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Effort under way to preserve San Diego waterfront sculpture of iconic woman and sailor after WWII ended

SAN DIEGO - An effort is under way to preserve a sculpture on San Diego's waterfront depicting an iconic photo of a woman embraced in a kiss with a sailor in Times Square on the day World War II ended.

The woman, Edith Shain, died Sunday at her home in Los Angeles at the age of 92.

Allan Tait, public art project manager for the Port of San Diego, said a nonprofit group has been formed to try to raise funds to possibly acquire the ''Unconditional Surrender'' sculpture, or a more permanent version of it, and donate it to the port.

The 25-foot-tall sculpture is on loan with the Port of San Diego only through the end of August.

After that, Tait said its future is uncertain.

''I don't know if it will be here after August 31st,'' Tait said. ''I assume at some point the owners will want it back.''

The sculpture, which is located adjacent to the USS Midway Museum off Harbor Drive, is made from a foam core with a urethane outer layer that will not hold up to the weather forever, Tait said.

''It's getting to the point it would need to be refurbished if it is outdoors longer,'' he said.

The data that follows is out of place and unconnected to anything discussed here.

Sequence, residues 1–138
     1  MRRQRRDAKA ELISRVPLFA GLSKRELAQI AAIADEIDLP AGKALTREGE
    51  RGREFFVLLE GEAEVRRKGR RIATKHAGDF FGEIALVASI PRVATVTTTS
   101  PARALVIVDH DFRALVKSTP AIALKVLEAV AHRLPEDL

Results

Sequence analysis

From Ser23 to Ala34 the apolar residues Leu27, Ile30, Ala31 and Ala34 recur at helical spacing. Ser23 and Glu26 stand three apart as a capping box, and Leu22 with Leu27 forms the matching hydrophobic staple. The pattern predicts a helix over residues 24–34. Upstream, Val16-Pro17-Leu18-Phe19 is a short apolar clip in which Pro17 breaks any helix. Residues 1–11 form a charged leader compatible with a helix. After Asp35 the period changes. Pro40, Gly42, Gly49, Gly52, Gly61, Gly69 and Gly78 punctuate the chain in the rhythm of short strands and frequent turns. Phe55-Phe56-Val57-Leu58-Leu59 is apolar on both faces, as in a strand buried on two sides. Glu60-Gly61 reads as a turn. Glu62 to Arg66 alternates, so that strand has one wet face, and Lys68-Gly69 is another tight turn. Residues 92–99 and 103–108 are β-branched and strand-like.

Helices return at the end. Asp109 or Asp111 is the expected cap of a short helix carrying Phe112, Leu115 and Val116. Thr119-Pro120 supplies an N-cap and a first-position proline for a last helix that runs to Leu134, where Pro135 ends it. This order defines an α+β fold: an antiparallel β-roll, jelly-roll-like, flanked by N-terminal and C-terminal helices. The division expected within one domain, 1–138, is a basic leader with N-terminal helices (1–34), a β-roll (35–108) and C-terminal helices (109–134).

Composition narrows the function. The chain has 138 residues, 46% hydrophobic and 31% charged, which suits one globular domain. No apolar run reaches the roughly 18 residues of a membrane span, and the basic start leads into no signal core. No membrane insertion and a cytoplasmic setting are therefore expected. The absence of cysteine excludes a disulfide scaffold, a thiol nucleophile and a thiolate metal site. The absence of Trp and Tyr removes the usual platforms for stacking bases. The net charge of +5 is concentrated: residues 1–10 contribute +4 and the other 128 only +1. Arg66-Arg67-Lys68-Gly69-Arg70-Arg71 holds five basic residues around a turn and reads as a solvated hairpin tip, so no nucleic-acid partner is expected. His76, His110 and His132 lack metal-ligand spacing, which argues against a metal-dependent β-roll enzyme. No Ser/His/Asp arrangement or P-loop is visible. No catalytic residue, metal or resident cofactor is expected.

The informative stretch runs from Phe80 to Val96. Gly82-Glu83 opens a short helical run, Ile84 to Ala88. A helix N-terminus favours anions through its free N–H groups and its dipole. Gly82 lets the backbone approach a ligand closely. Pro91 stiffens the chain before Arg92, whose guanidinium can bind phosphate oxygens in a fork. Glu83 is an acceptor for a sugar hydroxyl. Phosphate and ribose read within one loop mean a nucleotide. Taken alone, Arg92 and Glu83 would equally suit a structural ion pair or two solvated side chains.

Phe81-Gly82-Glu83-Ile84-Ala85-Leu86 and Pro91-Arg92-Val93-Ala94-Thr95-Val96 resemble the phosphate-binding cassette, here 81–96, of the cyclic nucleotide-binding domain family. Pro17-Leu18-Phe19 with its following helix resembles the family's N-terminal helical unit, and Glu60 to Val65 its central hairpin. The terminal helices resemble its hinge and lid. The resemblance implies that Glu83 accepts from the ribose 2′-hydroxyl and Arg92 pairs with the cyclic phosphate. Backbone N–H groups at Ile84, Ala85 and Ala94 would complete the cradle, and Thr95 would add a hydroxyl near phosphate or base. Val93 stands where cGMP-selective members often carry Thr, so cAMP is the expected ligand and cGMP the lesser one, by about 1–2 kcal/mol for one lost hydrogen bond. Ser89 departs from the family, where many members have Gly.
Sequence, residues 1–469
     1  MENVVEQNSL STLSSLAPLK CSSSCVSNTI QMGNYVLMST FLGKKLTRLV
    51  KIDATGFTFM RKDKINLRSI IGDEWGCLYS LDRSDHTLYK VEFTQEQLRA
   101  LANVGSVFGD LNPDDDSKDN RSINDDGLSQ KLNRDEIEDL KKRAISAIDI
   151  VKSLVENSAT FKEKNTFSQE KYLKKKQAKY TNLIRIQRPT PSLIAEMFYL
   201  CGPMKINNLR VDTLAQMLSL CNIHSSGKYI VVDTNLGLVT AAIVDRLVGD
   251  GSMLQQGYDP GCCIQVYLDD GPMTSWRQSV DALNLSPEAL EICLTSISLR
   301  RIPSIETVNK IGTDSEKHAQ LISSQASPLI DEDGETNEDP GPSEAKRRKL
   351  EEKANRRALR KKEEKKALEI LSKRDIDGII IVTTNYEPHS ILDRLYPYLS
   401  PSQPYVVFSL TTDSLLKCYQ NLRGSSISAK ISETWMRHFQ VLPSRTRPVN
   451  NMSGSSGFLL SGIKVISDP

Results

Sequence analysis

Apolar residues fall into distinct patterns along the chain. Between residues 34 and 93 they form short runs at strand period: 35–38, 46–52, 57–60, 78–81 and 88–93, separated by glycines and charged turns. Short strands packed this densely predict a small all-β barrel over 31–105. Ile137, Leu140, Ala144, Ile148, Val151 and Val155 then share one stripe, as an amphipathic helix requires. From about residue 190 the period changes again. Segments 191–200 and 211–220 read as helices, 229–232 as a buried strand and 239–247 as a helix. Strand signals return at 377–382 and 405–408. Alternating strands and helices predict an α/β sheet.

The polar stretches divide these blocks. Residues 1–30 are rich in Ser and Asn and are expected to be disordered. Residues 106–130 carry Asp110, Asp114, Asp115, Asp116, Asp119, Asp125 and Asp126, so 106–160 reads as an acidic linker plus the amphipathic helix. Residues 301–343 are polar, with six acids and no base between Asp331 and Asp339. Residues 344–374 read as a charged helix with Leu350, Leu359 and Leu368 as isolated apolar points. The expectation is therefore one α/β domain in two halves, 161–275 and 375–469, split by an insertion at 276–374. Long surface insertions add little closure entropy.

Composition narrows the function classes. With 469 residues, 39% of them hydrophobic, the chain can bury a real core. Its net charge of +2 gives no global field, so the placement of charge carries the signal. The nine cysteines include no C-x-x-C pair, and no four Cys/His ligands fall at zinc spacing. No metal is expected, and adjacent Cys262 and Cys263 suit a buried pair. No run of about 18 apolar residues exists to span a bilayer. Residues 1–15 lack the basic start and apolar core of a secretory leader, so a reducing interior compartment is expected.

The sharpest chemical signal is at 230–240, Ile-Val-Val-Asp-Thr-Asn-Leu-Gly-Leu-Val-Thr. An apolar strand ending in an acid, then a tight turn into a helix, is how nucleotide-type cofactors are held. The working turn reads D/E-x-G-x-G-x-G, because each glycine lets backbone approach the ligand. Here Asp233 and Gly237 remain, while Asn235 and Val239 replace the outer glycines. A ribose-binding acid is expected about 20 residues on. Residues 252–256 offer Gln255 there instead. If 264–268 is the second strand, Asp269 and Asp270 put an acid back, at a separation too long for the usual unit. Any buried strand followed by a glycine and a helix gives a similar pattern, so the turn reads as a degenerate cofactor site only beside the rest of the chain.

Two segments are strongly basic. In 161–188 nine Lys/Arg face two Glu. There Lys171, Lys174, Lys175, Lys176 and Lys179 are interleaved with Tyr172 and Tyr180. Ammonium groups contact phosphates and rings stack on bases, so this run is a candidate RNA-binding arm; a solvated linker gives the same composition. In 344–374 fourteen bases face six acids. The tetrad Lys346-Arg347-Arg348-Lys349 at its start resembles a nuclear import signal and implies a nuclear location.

The sculpture, by artist J. Seward Johnson, is owned by the Santa Monica- based Sculpture Foundation, according to Tait.

The port's public art committee is scheduled to discuss the future of the sculpture at a July 21 meeting.

Tait said Shain was in San Diego in 2007 to dedicate the sculpture. The retired nurse was back in January for an event aboard the Midway to promote a celebration in Times Square this summer to mark the anniversary of the end of World War II.

He described Shain as ''very lively.''

''I am very sad to hear she passed away,'' Tait said.

On Aug. 14, 1945, Shain was a nursing student working at Doctor's Hospital in New York City when radio networks announced the surrender of the Imperial Forces of Japan.

She recalled later that she made her way to Times Square, and allowed a strange man in a Navy uniform swoop her into his arms.

Photographer Alfred Eisenstadt captured the moment. The photo made a special section of Life magazine, and the scene instantly became part of American history.

Shain kept her identity secret until she wrote a letter to Eisenstadt in the late 1970s, revealing she was the woman in his photo.

Born in Tarrytown, N.Y. in 1918, Shain graduated from New York Doctors Nursing School in 1947. She taught kindergarten for 30 years and also worked as a night shift nurse before retiring in Los Angeles.

She is survived by two sons, six grandchildren and eight great- grandchildren. Funeral services for Shain are pending, according to her family.


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